Too Little Communication in the Small Business Workplace

Too Little Workplace Communication

Two weeks ago I posted here about the three main contexts of communication issues in small business workplaces.

If there is one complaint I hear more than any other in facilitating conversations around improving communication in small business work environments, it is this one.

This comes in various forms, such as:

  • the business owner/leader failing to share their vision for the company’s future;
  • the business owner/leader communicating about expectations for work hours around the upcoming holidays;
  • the business owner/leader being clear about performance and behavior expectations in the workplace;
  • Co-workers withholding information others need to do their jobs successfully, and doling out information in bits and pieces only elaborating and going deeper when asked multiple times or directly;
  • Passive-aggressive communication in the form of agreeing to provide information and procrastinating or deliberately ‘forgetting.’Too Little Workplace Communication

Some malicious and egregious while others are simply personality styles and innocent approaches.

At one of my clients a few years ago I heard complaints that frontline employees had learned of company initiatives from customers when they came in asking about a new program.

This made both the employee and the organization look bad in front of customers.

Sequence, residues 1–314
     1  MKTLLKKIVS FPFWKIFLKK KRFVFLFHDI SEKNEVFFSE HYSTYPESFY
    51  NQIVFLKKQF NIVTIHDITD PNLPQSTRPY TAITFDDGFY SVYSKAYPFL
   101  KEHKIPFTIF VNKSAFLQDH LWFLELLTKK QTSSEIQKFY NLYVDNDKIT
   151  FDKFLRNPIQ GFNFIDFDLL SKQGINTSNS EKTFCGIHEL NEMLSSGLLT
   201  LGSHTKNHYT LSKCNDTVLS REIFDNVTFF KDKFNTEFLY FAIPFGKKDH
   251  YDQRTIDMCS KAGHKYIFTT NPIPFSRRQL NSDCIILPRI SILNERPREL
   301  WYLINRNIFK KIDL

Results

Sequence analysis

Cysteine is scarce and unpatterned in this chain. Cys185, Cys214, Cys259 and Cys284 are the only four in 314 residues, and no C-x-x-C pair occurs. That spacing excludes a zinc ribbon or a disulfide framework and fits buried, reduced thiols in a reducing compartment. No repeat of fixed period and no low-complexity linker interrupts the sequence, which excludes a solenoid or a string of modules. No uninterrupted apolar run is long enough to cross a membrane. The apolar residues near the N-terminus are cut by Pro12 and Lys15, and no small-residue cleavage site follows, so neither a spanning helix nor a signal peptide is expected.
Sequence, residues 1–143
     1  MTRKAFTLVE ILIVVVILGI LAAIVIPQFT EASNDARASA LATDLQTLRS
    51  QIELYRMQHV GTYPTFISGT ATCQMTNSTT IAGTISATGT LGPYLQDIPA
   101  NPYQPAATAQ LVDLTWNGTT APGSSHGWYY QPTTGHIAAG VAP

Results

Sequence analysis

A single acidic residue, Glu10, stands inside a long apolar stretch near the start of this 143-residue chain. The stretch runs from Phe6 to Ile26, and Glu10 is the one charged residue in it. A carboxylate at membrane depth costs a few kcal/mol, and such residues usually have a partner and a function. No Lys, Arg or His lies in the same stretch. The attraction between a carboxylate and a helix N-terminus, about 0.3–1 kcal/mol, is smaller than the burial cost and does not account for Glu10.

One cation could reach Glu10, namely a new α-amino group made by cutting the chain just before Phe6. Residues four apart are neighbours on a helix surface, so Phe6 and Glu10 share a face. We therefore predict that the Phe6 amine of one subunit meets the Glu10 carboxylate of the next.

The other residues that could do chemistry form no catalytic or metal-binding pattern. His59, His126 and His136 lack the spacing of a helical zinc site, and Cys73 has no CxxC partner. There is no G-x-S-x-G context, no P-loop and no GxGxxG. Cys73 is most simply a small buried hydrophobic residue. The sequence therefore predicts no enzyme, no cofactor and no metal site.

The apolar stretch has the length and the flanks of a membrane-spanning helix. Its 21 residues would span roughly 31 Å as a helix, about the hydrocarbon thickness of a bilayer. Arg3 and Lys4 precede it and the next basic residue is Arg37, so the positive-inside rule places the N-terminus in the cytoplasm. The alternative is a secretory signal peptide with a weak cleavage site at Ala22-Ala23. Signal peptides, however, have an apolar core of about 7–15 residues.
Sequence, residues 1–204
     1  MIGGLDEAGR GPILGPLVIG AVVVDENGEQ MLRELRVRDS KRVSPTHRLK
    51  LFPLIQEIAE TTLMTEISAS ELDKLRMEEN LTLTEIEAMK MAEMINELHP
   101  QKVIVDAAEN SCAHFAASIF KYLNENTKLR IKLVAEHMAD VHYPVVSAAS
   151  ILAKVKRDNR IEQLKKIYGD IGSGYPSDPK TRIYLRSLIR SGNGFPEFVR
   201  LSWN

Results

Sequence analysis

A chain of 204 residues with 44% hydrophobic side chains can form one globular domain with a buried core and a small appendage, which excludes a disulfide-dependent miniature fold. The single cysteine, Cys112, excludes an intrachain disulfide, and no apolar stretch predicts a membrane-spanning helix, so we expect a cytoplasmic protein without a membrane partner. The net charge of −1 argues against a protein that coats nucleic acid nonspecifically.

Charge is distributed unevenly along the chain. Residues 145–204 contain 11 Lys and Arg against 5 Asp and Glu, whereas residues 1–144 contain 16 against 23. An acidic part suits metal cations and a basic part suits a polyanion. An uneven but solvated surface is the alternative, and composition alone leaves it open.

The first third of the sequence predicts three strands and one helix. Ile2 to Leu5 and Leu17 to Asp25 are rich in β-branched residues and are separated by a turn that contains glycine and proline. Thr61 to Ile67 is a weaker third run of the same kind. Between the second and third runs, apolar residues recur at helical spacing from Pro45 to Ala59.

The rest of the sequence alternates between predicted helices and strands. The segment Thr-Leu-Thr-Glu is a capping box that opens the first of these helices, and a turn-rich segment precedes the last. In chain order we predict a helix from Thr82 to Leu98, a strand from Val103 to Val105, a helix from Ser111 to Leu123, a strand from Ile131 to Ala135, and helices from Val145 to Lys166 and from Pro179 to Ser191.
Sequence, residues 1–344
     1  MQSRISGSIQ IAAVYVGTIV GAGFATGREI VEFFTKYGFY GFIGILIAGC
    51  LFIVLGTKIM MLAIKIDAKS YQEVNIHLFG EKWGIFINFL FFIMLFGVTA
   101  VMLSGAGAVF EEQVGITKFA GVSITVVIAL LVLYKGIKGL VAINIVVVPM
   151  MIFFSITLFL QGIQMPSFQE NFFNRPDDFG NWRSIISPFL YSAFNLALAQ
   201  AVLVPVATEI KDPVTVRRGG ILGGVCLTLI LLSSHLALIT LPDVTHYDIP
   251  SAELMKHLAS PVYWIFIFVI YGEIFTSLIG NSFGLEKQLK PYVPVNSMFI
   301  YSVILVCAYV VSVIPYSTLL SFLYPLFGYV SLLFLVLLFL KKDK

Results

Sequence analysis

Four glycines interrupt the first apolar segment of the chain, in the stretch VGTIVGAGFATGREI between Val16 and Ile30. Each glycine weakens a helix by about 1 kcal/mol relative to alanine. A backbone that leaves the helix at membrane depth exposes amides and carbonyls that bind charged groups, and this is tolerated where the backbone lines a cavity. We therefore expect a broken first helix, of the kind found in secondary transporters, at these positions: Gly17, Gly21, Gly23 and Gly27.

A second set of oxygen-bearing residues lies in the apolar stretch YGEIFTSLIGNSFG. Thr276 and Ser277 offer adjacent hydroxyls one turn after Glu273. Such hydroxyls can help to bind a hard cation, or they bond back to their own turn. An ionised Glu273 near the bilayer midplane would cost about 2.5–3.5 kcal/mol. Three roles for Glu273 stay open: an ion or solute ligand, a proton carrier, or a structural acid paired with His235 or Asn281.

Too little information also comes in play among co-workers often who withhold information for “job security” and control issues believing that if others have to go through their role is secure.

When it’s malicious it is often due to a low-trust work environment where everyone goes into survival mode.

Other times the passive-aggressiveness is a way to hurt co-workers with whom one has a grudge, or is due to one’s own insecurities.

In terms of The 7 Deadliest Communication Sins this obviously falls under A Lack of Specificity.

It also has roots in A Lack of Directness & Candor as often the communication is non-direct, superficial and too generic, which also causes people to mind-read and make assumptions.

A lack of transparency in organizations fits into this category also.

Often the lack of transparency comes in terms of a company’s strategy, the reasons behind change initiatives, and individual and organizational performance metrics.

This readily leads to the rumor mill and gossip taking root and spreading.

What is your experience around “too little communication” as an issue in your organizations?

What suggestions do you have to open up communication to overcomes those challenges?

Please leave a comment below and help explore this workplace communication challenge.

For another resource to help you with communication in your workplace take a look Your Championship Small Business Podcast launching this week.

To learn more and subscribe to the podcast go to this webpage and you’ll be forever invited to the monthly interviews. The first episode was released , Tuesday, January 17.

The first episode is with strategy and innovation expert Kaihan Krippendorff the author of the best seller, “OutTThink the Competition.”

Additionally, we’ll be starting Championship Small Business Facebook Discussion Group, which you will also be invited to join once it’s ready to go.

To sign up, go here:

‘til next time, remember, Communicate With Power!

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